Want to know if you can freeze risotto? While I don’t recommend it, if you need to freeze it, here’s the best way to freeze risotto.
If you’ve ever made risotto (if you haven’t, learn How to Make Risotto) and had leftovers, you’ve probably wondered the best way to store it.
For a lot of food, freezing is the best way to save it. Risotto is not one of them. While freezing ingredients is a great way to preserve most foods risotto is known for its very specific creamy texture, and that creamy texture does not freeze well.
Why can’t you freeze risotto?
Allow me to put my food scientist hat on and explain: risotto becomes creamy because you slowly let it absorb liquid like stock or water. And as you probably know, water-based sauces form ice crystals when frozen. These ice crystals will wreck the texture of your risotto when you go to reheat it unless you use this one specific technique.
Can you freeze risotto?
Yes, you can freeze risotto but let me be clear – the texture when you reheat risotto from frozen is not good. And as anyone who has had good risotto knows, it’s all about the texture. Luckily, there are so many other ways to store risotto!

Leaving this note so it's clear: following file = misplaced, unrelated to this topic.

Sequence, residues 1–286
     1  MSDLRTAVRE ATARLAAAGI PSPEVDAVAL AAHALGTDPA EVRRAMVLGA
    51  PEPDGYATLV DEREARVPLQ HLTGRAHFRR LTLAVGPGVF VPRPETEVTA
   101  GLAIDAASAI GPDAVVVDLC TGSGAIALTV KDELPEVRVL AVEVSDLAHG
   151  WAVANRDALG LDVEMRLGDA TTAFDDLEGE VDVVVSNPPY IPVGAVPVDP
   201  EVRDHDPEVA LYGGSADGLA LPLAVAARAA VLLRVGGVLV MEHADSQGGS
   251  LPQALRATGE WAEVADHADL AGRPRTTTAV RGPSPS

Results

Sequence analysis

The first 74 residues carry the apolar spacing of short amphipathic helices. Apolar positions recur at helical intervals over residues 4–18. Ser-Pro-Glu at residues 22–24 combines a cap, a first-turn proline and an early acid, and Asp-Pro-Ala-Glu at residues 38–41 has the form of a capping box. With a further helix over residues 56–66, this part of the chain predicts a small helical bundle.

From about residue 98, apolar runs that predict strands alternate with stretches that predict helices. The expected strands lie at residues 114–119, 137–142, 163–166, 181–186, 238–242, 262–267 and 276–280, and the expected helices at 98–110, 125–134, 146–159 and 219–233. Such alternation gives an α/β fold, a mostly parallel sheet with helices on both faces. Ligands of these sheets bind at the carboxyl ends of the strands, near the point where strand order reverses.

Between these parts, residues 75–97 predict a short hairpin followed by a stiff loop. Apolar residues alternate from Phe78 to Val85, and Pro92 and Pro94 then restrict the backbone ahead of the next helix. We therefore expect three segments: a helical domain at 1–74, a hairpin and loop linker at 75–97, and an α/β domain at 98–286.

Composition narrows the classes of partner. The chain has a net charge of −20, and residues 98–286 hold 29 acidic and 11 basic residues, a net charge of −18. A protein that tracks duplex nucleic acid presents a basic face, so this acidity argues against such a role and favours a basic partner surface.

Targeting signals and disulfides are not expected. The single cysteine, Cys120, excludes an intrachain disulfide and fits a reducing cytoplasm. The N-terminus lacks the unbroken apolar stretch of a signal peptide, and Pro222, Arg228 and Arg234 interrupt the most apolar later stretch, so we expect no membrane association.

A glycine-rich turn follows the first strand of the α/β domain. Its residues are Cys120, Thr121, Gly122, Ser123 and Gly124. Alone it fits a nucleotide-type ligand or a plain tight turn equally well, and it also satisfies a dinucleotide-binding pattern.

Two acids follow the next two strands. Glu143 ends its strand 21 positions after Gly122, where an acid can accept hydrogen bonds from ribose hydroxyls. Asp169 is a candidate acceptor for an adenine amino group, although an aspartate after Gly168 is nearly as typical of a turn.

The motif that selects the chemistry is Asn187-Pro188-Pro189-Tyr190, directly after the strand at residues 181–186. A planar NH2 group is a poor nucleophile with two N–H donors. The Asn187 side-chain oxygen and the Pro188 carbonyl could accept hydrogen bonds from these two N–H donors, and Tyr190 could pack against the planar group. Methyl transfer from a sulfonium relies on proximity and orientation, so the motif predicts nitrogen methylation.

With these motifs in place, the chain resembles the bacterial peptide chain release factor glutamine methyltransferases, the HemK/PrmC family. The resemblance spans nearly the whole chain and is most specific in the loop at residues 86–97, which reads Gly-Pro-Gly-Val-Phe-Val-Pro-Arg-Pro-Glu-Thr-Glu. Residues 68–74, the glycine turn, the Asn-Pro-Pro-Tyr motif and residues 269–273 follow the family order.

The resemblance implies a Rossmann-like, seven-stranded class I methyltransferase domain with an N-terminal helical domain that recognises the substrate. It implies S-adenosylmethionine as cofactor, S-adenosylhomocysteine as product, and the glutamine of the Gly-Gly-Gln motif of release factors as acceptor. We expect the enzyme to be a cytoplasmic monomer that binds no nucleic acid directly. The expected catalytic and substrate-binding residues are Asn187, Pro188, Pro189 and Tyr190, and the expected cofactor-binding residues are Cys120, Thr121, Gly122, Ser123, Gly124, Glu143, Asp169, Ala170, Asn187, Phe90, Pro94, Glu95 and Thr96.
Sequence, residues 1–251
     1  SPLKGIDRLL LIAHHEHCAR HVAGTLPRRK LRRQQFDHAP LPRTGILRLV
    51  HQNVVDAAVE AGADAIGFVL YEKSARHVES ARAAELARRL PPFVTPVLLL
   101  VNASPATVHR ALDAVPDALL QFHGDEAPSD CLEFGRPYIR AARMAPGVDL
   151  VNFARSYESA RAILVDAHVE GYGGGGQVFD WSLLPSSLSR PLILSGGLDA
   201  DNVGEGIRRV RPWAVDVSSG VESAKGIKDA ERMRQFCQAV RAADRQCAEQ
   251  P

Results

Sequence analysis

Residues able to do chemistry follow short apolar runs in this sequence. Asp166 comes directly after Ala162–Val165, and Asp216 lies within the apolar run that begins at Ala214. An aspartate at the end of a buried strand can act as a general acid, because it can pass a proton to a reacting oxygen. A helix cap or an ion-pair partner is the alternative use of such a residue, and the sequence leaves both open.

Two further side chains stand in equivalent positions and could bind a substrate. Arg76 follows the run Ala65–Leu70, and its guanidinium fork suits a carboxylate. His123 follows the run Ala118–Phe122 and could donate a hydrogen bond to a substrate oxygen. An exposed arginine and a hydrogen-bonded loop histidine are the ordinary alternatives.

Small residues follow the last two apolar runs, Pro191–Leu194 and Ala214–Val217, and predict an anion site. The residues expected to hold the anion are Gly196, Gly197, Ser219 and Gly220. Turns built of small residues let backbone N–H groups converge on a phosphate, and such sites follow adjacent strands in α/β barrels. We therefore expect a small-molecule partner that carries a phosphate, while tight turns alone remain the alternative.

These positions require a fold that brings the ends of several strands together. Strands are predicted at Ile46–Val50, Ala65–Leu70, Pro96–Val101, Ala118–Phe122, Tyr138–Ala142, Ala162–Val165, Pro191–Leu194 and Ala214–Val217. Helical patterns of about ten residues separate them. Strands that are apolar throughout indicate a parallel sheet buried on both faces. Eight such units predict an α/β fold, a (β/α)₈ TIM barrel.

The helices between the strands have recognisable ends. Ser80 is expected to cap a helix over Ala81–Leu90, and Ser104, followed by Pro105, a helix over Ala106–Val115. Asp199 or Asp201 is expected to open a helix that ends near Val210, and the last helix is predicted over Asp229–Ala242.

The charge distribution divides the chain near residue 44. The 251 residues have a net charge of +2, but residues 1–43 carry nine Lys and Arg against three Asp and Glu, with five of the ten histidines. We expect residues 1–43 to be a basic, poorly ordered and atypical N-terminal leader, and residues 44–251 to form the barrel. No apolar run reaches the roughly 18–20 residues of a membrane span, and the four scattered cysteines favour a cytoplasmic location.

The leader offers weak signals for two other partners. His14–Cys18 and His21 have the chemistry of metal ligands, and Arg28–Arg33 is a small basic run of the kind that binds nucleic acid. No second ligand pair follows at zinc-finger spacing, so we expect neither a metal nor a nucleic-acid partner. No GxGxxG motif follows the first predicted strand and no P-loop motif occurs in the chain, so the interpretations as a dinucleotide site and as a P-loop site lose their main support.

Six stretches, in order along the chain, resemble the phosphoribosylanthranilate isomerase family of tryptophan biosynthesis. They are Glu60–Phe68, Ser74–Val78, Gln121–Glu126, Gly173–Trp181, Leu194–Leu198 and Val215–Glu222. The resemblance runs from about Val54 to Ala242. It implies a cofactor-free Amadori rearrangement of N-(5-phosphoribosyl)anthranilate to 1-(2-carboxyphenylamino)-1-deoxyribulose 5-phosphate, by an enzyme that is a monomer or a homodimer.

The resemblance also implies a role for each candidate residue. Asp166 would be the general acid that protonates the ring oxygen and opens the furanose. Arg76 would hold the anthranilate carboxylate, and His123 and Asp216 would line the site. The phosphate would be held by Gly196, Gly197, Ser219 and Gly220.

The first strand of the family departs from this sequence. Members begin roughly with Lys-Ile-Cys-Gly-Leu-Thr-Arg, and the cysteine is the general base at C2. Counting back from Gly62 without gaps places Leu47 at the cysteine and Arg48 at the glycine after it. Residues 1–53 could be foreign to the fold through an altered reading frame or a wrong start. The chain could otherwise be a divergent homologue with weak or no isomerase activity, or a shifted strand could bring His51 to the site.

The best way to freeze risotto
If you are going to freeze the risotto, here’s how:
- Let it cool completely and come to room temperature first.
- Transfer to an airtight container or a freezer-safe plastic bag. Make sure to label the container with the date and the type of risotto so you remember later!
This frozen risotto will last 3 months in the freezer, but the texture will continue to deteriorate over time.
How to defrost risotto (the right way)
Ok, here’s where the tricky part comes in so here’s the only way I recommend reheating risotto.
- Use warm water: Add the frozen risotto (in its storage container) to warm water and thaw it slowly, like really slowly.
- Leave it be: Let this thaw and do not stir it until the risotto is completely thawed.
- Reheat: Once thawed, remove the risotto from the water and remove the risotto from the container. Transfer to the stovetop and stir the risotto while reheating slowly with a splash of broth or water.
- Check Texture: Risotto tends to thicken in the refrigerator and freezer. If it’s too thick after reheating, you can add a bit more liquid (broth or water) to achieve your desired consistency.
Alternatives to freezing
If you have leftover risotto, I would highly recommend this method as a better option than freezing.
- Airtight Container: Once the risotto has cooled, transfer it to an airtight container. This helps prevent moisture loss, which can dry out the risotto.
- Refrigerate: Place the sealed container in the refrigerator. Risotto can be stored for up to 2 days.
Recipes to make with leftover risotto
Leftover risotto is honestly better used in a new recipe than reheated to be eaten as traditional risotto. Here are a few ideas of ways to utilize those leftovers!
- Rice Balls (Arancini)
- Rice Cakes
- Sautéed until crispy and used as a salad topping